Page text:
The original proposal from SDS for work performed did not reference in any way, nor did it incorporate, the arbitration of backcharges as contained in the National Institute of Steel Detailing policy. The affidavit submitted by T.J. Rhattigan, who was the operations manager of Mahoning, denies that he was ever given a copy of the *661 Policy regarding the arbitration of backcharges.

Rhattigan further denies that Filippi indicated any intention that the Policy would be a part of the agreement. Following SDS's proposal, Mahoning issued a purchase order to SDS which contained all the terms and conditions of the agreement. The purchase order makes no reference to the arbitration of backcharges nor the incorporation of the National Institute of Steel Detailing policy.

The Federal Arbitration Act provides that a court shall direct the parties to proceed to arbitration "upon being satisfied that the making of the agreement for arbitration ... is not in issue." 9 U.S.C. § 4; Par-Knit Mills v. Stockbridge Fabrics, 636 F.2d 51 (3d Cir.1980). If there is doubt as to whether an express, unequivocal agreement to arbitrate exists, the matter, upon a proper and timely demand, should be submitted to a jury. Only when there is no genuine issue of fact concerning the formation of the agreement should the court decide as a matter of law that the parties did or did not enter into such an agreement. Par-Knit Mills v. Stockbridge Fabrics, 636 F.2d at 54.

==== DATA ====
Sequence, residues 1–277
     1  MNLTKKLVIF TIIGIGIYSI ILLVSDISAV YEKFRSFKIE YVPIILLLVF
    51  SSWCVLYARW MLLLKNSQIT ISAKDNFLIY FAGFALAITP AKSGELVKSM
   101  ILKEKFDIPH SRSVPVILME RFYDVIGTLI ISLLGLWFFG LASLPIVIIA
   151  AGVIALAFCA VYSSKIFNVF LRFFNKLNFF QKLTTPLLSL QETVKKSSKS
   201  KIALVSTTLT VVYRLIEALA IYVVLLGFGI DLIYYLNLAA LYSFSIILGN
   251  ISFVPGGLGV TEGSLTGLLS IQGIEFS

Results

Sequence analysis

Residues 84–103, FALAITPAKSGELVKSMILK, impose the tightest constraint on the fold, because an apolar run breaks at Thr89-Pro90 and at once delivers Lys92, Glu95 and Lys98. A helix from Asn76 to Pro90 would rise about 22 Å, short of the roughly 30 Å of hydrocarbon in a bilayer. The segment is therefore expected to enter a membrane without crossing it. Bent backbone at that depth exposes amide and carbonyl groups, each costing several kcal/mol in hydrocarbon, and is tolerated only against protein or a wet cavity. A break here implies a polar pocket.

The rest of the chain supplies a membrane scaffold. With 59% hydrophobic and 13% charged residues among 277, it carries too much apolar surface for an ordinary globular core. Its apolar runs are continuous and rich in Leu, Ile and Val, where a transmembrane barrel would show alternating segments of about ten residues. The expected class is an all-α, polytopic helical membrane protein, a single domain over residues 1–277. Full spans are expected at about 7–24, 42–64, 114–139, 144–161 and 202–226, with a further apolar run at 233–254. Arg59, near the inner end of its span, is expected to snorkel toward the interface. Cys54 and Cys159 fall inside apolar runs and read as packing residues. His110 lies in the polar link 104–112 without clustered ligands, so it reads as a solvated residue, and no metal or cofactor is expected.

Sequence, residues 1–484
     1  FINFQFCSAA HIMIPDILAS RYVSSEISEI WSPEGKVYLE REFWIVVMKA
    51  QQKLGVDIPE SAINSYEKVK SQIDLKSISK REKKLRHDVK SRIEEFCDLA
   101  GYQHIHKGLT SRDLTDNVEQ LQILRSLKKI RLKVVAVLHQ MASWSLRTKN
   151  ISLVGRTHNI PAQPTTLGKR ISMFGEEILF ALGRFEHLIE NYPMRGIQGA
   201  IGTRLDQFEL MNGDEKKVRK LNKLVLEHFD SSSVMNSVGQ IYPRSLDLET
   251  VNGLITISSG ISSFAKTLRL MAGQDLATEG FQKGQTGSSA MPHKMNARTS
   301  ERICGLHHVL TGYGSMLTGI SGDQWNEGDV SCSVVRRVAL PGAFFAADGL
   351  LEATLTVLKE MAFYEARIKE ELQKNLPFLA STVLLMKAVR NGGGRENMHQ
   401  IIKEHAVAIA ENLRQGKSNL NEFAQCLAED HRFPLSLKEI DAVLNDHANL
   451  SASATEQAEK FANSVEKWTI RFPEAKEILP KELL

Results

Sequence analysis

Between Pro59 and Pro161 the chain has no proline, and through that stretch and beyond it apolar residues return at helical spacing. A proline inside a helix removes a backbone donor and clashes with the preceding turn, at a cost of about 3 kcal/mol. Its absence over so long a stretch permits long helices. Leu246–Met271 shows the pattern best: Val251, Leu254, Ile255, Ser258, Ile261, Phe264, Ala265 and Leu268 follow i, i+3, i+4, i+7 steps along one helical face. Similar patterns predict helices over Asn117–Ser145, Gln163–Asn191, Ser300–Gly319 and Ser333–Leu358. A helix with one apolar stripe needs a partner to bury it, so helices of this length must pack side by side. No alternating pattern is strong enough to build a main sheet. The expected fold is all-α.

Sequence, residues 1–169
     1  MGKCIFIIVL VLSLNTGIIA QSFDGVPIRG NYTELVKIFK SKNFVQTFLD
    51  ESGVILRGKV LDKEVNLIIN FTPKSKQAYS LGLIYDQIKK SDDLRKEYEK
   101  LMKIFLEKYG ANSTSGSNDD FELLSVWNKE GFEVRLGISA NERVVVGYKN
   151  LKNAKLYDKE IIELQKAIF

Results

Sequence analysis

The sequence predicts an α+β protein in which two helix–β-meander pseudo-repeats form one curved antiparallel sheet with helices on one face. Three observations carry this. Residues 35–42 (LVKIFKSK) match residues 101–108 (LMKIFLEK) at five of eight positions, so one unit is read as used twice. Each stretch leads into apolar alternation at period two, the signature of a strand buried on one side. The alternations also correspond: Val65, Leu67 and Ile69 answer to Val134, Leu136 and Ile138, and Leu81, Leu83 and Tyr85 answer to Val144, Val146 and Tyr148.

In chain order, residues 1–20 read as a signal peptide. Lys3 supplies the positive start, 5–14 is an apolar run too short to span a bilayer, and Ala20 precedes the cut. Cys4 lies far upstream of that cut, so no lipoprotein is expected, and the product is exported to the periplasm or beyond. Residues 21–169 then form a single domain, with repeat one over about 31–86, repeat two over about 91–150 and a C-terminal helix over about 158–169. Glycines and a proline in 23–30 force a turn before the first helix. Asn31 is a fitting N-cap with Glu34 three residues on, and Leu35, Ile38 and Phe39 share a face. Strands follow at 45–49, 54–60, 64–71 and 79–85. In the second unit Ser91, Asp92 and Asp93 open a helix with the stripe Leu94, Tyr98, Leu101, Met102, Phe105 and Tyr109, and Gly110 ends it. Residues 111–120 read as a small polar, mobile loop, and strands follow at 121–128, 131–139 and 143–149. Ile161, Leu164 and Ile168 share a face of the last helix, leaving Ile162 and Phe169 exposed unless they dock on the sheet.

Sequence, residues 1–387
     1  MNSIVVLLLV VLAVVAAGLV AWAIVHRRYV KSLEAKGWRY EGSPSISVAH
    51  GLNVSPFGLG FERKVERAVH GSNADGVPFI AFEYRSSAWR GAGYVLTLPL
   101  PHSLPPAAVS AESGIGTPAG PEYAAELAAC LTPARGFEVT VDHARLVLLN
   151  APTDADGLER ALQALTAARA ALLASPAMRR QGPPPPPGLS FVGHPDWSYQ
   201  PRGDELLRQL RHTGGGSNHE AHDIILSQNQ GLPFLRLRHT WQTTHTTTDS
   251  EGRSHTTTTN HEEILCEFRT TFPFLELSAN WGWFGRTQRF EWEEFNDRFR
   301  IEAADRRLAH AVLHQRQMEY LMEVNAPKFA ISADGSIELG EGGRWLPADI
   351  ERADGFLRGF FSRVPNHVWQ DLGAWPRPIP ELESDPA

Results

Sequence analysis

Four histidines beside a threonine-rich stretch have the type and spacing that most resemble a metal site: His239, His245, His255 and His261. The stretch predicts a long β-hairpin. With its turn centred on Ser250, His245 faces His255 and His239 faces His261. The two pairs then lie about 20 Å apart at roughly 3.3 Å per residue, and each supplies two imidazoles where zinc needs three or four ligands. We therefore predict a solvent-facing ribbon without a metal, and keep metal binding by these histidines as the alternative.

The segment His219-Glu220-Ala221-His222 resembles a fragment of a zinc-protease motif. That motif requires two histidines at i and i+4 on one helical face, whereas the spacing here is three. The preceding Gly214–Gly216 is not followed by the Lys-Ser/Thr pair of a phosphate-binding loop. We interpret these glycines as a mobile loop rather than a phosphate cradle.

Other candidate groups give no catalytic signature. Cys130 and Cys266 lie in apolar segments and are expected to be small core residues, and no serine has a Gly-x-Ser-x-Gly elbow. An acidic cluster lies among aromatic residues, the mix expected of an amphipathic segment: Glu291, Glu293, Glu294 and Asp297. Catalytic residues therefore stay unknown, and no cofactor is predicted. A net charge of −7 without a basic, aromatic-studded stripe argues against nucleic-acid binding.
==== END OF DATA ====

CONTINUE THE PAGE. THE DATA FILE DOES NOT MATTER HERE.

When considering a motion to compel arbitration which is opposed on the ground that no agreement to arbitrate had been made between the parties, the district court should give to the opposing party the benefit of all reasonable doubts and inferences that may arise. Id.

The absence of an express indication by Mahoning that it had agreed to arbitrate matters regarding backcharges prohibits this court from compelling arbitration. The motion of Filippi and SDS to sever and to stay the claim pending arbitration shall be denied.


[1] The Arbitration Act, 9 U.S.C. § 2, requires that an agreement to arbitrate be in writing if it is to be enforceable.

[2] See Exhibit "A" of Answer and Counterclaim of Fourth-Party Defendant.